Hundreds of Amazon workers are putting their jobs at risk this week by violating an internal corporate policy not to criticize the company in public.
According to the Washington Post, a growing number of employees is reportedly planning to participate in the coordinated effort organized by the group Amazon Employees for Climate Justice.
Last week, the organizers sent an e-mail to all their colleagues asking whether it is fair from Amazon's side to silence workers who speak up.
They urged their fellow workers to either write their own comments or to sign pre-written statements about the firm that either approve or disapprove Amazon's practices, including those related to climate change, sustainability, and immigration.
According to the internal e-mail the Washington Post obtained, once organisers gather at least 100 such comments, they would post them on Medium. However, the people behind the initiative explicitly advised interested parties not to share confidential information.
Last month, the Washington Post reported that Jeff Bezos' company privately threatened to suspend at least two employees for criticizing Amazon's environmental policies in the media.
The workers were reportedly active members of Amazon Employees for Climate Justice group, which organized the Amazon's employees' participation in the global climate strike in September.
Amazon said the employees were violating its recently updated company external communications policy, which requires employees to get company approval before they can speak to the media about the company.
An Amazon spokesperson confirmed the amendment in the internal communication policies highlighting that they are not too different from the ones of the other large firms. He also added that Amazon implemented these changes in order "to make it easier for employees to participate in media interviews."
The Amazon Employees for Climate Change group already published comments from 357 workers on Sunday, emphasizing on Amazon's hypocrisy. The company has previously announced it would use only renewable energy sources in the future to cut its carbon emissions.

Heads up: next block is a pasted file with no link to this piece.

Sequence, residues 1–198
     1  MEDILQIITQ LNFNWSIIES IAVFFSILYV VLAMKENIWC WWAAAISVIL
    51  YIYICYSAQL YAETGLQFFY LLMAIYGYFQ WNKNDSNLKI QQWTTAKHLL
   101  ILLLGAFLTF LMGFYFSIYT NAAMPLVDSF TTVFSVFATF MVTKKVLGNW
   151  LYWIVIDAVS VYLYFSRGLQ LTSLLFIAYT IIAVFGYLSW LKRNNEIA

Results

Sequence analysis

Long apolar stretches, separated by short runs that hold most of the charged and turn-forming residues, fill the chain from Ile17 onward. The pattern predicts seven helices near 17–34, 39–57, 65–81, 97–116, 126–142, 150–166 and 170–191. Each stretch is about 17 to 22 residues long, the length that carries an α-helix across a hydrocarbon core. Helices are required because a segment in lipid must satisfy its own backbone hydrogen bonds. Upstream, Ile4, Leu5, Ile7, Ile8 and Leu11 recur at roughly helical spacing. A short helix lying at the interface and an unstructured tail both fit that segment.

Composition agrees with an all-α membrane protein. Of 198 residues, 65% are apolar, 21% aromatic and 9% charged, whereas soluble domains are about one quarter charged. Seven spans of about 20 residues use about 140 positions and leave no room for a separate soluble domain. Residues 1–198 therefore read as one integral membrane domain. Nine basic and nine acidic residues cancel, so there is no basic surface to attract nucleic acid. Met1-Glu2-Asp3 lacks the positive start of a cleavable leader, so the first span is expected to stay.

However, the Seattle-based giant keeps working with oil and gas companies such as British Petroleum and Royal Dutch Shell. The people referred to a recent report by the British news outlet The Guardian, according to which 20 companies worldwide are responsible for one-third of all greenhouse gas emissions since the 1960s, and a significant number of them rely on Amazon for cloud computing, machine learning, and data services.
Amelia Graham-McCann, a senior business analyst at Amazon, opined on Sunday that it was ''unconscionable'' for Amazon to continue working with the oil and gas industry while trying to silence employees who speak up.
Her colleague, the senior UX designer Melissa Reeder, said that she would love to see Amazon being the most customer-centric company worldwide. To achieve this, the firm should end its contracts with oil and gas companies, Reeder noted.
What do you think? Do you support or oppose Amazon's amended policy to require prior approval before speaking to the press?